Monday, July 23, 2007 CEO Patrick Byrne Admits He Posted Under Pseudonyms

Seems that CEO Patrick Byrne is now admitting that he "pulled a Mackey" after all.

In a post on the website late last night, Byrne admits that he posted on the Internet under anonymous pseudonyms -- the same grave offense that has snared Whole Foods CEO John Mackey, prompting an SEC probe, internal investigation and an apology by Mackey.

The Times article had quoted Byrne as saying that he always signed his name to his copious Internet message board posts. But as I noted in a previous blog item, that's a blatant lie. Byrne until recently always used a pseudonym, and almost never signed his full name or disclosed his corporate affiliation and massive share ownership when posting on Internet message boards. His user profile on his two favorite message boards, Investor Village and Motley Fool, is "private" and does not disclose his identity.

Byrne claims that the Times did not properly convey the Great One's meaning. However, given his penchant for dissembling, I think it's fair to assume that he was fairly quoted and is now backing off from a lie that is contradicted by the evidence.

Byrne says:
Please provide a citation for this claim: "Mr. Byrne said that he never hides his true identity and always signs his name when he posts under his online handle, 'Hannibal'". Is it your claim that I used the words "always" and "never" in some message board post (and if so, please cite that post), or is it your claim that I stated this in our interview? I know for a fact that the claim is false as regards our interview, and believe it to be false with regard to any online posting, but I stand ready to be corrected. [emphasis added]
(Note that Byrne is contradicting what he said in a rambling, sick rant on his website a week ago, in which he said: "I post in a way that is anything but anonymous." I guess he forgot he said that.)

What's not clear to me is why Byrne seems so anxious to backtrack. The SEC is already investigating Byrne and Overstock, so that is one possible source of pressure.

The media has given Byrne a pass over his online conduct, which was far more egregious than Mackey's and raises serious Reg. FD issues. I wonder if he will continue to be ignored now that he has fessed up. I also wonder if the SEC will take action against him or cower before his real or perceived political influence. His pet senator, Utah Republican Bob Bennett, recently gave a floor speech calling for Senate hearings on his favorite constituent's obsession, the nonexistent "naked short selling" bogyman that is a favorite of penny stock promoters and inept CEOs.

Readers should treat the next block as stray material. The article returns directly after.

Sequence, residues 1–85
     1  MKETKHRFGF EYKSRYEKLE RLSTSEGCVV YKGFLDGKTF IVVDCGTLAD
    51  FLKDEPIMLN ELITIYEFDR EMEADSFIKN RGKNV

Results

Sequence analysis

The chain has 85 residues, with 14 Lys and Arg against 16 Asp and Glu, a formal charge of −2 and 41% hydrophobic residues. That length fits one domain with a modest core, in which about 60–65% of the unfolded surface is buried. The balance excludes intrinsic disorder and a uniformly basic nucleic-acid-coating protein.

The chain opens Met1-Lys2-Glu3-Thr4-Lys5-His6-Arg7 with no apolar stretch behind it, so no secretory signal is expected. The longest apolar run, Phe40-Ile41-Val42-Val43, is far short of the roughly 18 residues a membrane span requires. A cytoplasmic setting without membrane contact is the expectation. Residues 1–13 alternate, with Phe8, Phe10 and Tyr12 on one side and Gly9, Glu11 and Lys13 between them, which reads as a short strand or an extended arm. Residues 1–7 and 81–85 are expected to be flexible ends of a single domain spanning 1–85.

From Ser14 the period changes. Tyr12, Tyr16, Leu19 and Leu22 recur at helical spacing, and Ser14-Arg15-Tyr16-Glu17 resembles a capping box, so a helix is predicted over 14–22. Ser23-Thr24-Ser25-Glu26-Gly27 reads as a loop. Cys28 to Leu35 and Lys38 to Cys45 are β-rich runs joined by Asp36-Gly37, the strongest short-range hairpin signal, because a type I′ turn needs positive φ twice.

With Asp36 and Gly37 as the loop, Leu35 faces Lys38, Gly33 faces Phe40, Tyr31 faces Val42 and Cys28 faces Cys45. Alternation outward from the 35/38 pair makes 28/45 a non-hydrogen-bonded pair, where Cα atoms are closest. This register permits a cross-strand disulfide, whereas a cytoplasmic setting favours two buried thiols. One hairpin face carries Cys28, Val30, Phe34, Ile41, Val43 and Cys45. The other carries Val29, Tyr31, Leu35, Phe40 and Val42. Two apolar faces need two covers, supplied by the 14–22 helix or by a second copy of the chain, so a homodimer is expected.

Elsewhere on the Overstock front, fraud-fighter Sam Antar has a sizzling post today on how the SEC was a victim of a "trojan horse" disinformation campaign by Overstock in its war against an analyst who dared to publish negative information about the company.

UPDATE: To round out the day's tidings from this train wreck of a company we have this: it seems that Overstock left out something pretty significant in super-hyped press release glorifying as a major "victory" the denial of a motion to dismiss in its junk lawsuit against prime brokers.
In addition, the Court granted Overstock (and its co-plaintiffs) leave to amend other of their claims for restitution under the Unfair Business Practices Act and for the common law claim of interference with advantage, to more specifically plead the factual basis of these claims.
What Overstock left out was that there were two motions, and that Overstock lost one.

An investor named Al Petrofsky, who attended the court hearing at which the ruling was made from the bench, fills in the gaps in a post on a stock message board:

[The judge] granted the defendants' motion to strike, and ruled that the plaintiffs' may not, as part of the Unfair Competition Law claim (the fifth cause of action), seek to recover any compensation for a decline in the stock price. However, they can still seek to recover such compensation under some of their other theories, such as Tresspass to Chattels (the second cause of action) or Market Manipulation (the fourth cause of action).

He gave Overstock until September 14 to submit an amended complaint that is consistent with his rulings.
Gee. Isn't it materially misleading to not disclose that you lost one of the two motions pending before the court?

Petrofsky confirmed by email that he was the author of the post.

Overstock's skewing of the truth is predictable. What is also predictable is that the media, in its coverage, swallowed whole what Overstock said, without checking further. Let that be a lesson to all of my brethren in the media.

© 2007 Gary Weiss. All rights reserved.

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